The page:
Make Your Web Site Pay: Google AdSense
If you run a popular, information-rich Web site or blog, you can earn money from the growing online advertising market. You don't even need to approach advertisers. Simply run pay-per-click ads provided by search engines such as Google and Yahoo on your Web site. You'll earn money every time a visitor clicks on an ad.
If you use the Google search engine, you've probably noticed the text ads that run along the right-hand side and sometimes across the top of your search results. These are placed by advertisers who participate in the Google AdWords pay-per-click program. Google AdSense lets you earn a share of that money by running those ads on your site. There's no guarantee that you'll actually attract clicks and get paid, but it costs nothing to sign up and try it out.
PPC vs. Affiliate Marketing
AdSense is a pay-per-click service, not an affiliate marketing network. While both PPC ads and affiliate marketing networks allow you to earn money from your Web site, there are some significant differences in how they work.
Affiliates typically earn money only when a visitor referred from their site purchases the advertiser's product. (I discussed affiliate marketing in an August column.) But Web publishers can earn money from PPC ads when a visitor simply clicks on an ad. No purchase is necessary.
To maximize affiliate earnings, you must carefully match the interests of your site's visitors with the products and services that you advertise. That can be relatively easy if you manage a tightly focused site. But if your site discusses different topics on different pages, it can be time-consuming to find the most appropriate products to advertise for each topic.
AdSense automates that content-product matching process. Google crawls your site to examine your pages, using content analysis technology to find appropriate ads. The technology is similar to that used by Google's search engine. Most of the time, the process works well and serves up relevant ads.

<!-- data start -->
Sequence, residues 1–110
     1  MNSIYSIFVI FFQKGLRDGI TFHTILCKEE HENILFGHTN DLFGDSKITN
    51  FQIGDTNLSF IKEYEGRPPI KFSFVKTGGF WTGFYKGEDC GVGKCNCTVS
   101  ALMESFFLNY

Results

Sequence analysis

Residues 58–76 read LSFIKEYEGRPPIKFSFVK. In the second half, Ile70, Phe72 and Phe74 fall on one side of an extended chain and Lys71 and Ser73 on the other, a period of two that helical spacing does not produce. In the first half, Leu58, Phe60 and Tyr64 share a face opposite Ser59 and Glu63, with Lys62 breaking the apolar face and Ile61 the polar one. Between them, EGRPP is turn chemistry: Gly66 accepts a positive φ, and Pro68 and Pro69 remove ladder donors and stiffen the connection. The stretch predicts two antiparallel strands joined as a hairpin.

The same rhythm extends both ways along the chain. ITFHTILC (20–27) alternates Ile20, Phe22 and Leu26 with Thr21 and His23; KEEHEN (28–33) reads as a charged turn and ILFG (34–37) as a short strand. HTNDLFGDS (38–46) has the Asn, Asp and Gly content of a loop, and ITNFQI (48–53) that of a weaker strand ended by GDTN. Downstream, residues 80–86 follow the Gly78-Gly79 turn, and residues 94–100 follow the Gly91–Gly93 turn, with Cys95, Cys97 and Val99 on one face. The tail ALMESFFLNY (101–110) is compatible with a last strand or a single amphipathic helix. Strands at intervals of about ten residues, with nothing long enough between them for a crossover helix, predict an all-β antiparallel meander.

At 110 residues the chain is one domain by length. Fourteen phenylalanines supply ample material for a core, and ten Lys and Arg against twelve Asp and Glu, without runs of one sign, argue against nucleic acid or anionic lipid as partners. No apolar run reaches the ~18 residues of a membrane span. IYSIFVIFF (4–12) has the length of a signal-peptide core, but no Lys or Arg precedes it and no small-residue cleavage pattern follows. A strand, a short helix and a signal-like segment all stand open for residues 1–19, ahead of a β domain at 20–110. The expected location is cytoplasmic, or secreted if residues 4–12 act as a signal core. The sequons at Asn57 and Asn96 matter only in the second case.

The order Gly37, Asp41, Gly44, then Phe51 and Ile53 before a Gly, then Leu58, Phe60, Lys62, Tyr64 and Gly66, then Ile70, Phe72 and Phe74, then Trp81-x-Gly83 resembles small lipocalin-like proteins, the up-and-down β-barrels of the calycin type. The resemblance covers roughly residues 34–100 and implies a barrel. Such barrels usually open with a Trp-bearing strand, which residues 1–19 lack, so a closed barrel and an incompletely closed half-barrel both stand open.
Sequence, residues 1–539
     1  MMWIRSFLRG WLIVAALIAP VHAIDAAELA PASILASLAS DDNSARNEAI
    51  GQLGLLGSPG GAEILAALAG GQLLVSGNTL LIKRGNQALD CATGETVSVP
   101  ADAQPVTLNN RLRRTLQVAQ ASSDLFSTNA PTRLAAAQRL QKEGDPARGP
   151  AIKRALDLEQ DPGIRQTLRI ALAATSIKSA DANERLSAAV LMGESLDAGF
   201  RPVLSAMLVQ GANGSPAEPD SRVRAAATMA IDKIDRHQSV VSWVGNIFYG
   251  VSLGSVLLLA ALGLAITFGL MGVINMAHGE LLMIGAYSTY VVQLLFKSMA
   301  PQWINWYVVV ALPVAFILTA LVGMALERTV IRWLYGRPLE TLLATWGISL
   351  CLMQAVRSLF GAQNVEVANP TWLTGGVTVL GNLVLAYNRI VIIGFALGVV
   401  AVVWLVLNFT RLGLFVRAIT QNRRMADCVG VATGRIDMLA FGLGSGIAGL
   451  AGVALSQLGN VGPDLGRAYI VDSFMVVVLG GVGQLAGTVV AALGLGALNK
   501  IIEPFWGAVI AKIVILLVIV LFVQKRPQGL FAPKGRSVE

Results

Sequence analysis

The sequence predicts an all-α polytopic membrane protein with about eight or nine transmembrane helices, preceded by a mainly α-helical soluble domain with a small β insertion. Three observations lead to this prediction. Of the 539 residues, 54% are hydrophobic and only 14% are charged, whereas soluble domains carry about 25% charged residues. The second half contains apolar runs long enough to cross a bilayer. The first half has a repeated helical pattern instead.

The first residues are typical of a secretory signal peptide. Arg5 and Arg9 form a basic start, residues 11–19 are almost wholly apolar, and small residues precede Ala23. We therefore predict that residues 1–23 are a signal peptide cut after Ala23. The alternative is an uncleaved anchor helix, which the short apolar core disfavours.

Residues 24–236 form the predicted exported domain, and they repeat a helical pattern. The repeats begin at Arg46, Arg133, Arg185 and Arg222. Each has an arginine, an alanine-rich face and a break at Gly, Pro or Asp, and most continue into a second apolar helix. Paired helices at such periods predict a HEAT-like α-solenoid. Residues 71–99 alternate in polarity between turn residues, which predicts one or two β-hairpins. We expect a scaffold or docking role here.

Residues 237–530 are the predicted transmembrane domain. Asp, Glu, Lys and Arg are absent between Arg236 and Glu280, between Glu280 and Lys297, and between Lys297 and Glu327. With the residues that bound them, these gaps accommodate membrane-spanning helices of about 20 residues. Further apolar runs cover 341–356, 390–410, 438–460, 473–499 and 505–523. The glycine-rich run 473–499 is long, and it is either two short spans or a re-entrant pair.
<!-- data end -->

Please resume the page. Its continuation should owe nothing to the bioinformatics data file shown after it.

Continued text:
To use AdSense, you start by signing up for an account at no cost. You then insert Google-supplied advertising code into your Web pages.
AdSense supports a number of ad formats that should suit virtually any page layout in your Web site or blog. You can adjust the color of the text and background, if you like. In addition, you can run up to three ad units per page.
Initially, you may see public service announcements displayed on your site. These PSAs earn no click-through money. Google says that in most cases relevant ads will display within 72 hours.
The automatic ad matching process doesn't always work as smoothly as one would like. When I first put AdSense on one site a couple of years ago, the ads it served were rather generic. This resulted in a low click-through rate and poor earnings. I decided to position the ads closer to the site content. Almost immediately, I noticed that the ads changed, becoming more relevant, and my earnings soared.
Google won't accept every Web site. It won't, for example, place ads on sites with pornographic, gambling, and other controversial content.
Earning Money From AdSense
The amount of money that you earn from AdSense depends upon several factors, including the number of visitors to your Web site or blog and the nature of your content. Some content is more popular with advertisers, who will pay more for ad clicks. Google doesn't disclose how it splits the money it earns from advertisers with the publishers on AdSense. Google accumulates your monthly earnings and pays out after the balance exceeds $100.
I'm generally pleased with my earnings from AdSense. However, I know other Web publishers who don't believe it was worth the effort needed to enter the ad code. You risk only the investment of your time, however, so I recommend trying out AdSense to see if it earns money for you.